What do sliced potatoes, whole kernel corn, peas, diced tomatoes, pinto beans, applesauce, grapefruit juice and instant milk all have in common?

The answer is that those items are the commodities given out July 30 by UCHRA and the Tennessee Nutrition and Consumer Education Program, a program for Tennessee families who receive Food Stamps or who are eligible for Food Stamps. The goal of TNCEP is to teach families how to choose and prepare nutritionally adequate diets and help them feel empowered to move toward self-sufficiency.

Paula Proffit, program assistant with Cumberland County's TNCEP, said there are around 600 families who get commodities in Cumberland County through UCHRA. Commodities are distributed every other month.

Why are these foods healthy? To begin with, potatoes contain many of the essential nutrients that the dietary guidelines recommend Americans increase in their diet. Potatoes eaten with the skin provide nearly half of the daily value for vitamin C and are one of the best sources of potassium and fiber. One medium-sized potato has 100 calories and provides complex carbohydrates needed to fuel our brains and bodies, giving us the energy we need for a busy lifestyle.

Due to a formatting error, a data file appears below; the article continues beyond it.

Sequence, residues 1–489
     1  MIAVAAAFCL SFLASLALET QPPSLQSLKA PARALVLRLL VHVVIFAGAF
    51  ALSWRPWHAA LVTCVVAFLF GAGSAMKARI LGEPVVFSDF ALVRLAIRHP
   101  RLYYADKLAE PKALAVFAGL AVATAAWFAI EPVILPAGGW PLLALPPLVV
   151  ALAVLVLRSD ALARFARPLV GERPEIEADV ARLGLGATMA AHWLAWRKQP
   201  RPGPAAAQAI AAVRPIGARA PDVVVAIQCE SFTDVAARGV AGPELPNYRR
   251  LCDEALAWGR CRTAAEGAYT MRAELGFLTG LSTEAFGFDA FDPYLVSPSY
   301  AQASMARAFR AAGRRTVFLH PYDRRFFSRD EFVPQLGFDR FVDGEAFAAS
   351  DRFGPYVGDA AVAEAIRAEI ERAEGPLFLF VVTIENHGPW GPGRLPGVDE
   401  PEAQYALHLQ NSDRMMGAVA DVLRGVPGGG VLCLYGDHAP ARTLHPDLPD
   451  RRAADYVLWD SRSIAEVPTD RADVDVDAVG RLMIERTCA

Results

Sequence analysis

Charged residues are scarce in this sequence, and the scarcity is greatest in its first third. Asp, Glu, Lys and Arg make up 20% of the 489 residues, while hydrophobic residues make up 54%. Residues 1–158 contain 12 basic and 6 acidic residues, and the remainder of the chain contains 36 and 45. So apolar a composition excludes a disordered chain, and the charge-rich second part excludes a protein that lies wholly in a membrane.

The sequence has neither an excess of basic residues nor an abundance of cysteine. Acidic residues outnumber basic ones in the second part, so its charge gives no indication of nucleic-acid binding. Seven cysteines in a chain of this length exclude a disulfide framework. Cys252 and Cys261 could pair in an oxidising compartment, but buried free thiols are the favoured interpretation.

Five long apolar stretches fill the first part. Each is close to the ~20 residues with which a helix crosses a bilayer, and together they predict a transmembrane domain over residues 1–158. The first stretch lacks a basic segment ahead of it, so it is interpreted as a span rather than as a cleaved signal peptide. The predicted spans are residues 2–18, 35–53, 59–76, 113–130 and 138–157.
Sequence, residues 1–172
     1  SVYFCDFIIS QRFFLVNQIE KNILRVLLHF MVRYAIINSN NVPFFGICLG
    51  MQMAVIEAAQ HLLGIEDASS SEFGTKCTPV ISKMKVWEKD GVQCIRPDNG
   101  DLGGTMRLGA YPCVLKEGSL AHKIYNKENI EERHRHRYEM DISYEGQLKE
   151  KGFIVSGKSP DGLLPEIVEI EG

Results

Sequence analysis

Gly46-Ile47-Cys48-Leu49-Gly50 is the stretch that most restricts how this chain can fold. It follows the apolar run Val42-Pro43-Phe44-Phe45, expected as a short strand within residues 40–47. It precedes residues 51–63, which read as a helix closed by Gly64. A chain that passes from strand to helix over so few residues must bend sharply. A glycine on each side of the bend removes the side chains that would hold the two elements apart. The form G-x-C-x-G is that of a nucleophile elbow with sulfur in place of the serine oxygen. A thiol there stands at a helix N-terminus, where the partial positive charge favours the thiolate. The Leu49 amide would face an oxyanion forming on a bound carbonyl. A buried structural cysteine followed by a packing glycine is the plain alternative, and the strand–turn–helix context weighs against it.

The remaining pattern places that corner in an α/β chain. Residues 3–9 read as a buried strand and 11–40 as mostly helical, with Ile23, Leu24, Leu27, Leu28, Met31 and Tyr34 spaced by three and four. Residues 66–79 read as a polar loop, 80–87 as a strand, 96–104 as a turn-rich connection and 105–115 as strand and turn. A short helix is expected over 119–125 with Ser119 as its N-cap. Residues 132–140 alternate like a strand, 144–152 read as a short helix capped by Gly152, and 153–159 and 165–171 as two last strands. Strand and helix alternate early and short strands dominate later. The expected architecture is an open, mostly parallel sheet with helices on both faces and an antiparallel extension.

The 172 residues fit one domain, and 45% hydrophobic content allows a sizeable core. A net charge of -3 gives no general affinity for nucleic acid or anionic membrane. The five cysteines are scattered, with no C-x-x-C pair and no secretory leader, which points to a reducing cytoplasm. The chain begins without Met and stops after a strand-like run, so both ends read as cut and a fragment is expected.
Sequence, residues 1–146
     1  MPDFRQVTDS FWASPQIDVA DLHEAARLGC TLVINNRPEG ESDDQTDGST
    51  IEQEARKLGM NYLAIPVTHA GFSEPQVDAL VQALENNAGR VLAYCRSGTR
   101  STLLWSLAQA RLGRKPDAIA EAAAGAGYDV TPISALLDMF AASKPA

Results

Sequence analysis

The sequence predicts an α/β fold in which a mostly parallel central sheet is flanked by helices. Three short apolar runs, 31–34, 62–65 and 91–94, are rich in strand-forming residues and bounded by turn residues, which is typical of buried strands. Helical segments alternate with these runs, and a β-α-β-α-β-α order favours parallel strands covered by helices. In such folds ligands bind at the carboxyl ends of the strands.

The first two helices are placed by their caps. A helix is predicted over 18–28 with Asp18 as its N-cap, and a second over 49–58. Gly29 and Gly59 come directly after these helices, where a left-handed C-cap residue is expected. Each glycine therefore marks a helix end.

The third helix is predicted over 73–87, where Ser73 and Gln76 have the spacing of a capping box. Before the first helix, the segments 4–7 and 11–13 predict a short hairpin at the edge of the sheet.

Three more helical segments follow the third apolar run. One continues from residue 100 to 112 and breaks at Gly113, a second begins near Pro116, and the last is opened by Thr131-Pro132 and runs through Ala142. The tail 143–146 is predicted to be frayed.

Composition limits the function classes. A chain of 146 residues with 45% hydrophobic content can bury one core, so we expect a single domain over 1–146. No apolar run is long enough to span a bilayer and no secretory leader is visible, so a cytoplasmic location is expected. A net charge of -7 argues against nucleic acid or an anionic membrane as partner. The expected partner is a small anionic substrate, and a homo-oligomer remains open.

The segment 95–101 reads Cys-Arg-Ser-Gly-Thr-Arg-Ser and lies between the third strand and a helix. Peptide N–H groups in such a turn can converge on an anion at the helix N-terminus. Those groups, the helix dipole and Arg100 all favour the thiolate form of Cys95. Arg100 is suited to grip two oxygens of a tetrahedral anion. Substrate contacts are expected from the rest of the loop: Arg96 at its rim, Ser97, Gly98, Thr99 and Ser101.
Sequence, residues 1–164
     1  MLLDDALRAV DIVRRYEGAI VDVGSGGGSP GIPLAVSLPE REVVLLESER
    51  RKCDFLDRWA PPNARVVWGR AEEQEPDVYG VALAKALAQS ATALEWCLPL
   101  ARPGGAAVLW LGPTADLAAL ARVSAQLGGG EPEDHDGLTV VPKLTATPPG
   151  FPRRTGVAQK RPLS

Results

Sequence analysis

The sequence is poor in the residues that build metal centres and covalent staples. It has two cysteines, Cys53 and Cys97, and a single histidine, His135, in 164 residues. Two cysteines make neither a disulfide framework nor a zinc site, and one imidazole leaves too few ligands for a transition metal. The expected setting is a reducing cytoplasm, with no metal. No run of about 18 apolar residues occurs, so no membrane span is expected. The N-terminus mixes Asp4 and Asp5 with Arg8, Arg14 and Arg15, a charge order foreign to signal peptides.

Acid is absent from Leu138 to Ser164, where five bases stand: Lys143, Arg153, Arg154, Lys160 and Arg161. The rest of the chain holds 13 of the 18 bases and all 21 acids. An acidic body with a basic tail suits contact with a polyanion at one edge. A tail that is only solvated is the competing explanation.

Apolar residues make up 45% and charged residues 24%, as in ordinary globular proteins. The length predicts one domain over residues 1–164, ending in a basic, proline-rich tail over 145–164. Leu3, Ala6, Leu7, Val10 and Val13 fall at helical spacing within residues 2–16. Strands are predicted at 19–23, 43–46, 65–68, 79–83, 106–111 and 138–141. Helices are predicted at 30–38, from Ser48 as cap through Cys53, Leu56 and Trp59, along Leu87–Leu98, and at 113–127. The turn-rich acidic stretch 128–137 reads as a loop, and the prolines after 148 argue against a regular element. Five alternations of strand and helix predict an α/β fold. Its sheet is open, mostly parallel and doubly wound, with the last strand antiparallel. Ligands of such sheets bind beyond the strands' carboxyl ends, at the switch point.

Corn contains beta-carotene, small amounts of B vitamins and vitamin C. It is a useful source of protein and is rich in fiber. Canned corn is less nutritious, higher in calories and usually much higher in added sodium.

Peas are a good source of vitamin A, vitamin C, folate, thiamine (B1), iron and phosphorus. As pulses (seeds of plants belonging to the family Leguminosae), they are rich in protein, carbohydrate and fiber and low in fat which is mostly of the unsaturated kind. Half a cup of frozen peas has only 5 percent of the daily value for sodium. Foods low in sodium are good for your heart. An 85 gram serving of peas, cooked, provides 50 calories, 4 grams of protein, 8 grams of carbohydrate (of which 3.5 grams are sugars), 3.8 grams of fiber, 17 mg of vitamin C (28 percent of the recommended daily allowance) and 0.2 mg Thiamine (B1) (15 percent of the recommended daily allowance).

A review of 72 different studies showed consistently that the more tomatoes and tomato products people eat, the lower their risks of many different kinds of cancer. The secret may lie in lycopene, the chemical that makes tomatoes red, said Dr. Edward Giovannucci, Harvard School of Public Health, Cambridge, MA. Among the studies he reviewed, 57 showed that the more tomatoes one ate, the lower the risk of cancer. “The evidence for benefit was strongest for cancers of the prostate, lung, and stomach,” he reported.

More about these different kinds of foods can be found online or by contacting your local TNCEP. The phone number for Cumberland County's TNCEP is 484-6743.

Everyone is encouraged to try these recipes. Happy cooking (and eating)!


Mexican Corn

1 17 oz. can tomatoes, chopped

2 15 oz. cans corn, whole kernel or cream-style

1 tbsp. vegetable oil

Pepper to taste

Green pepper (optional)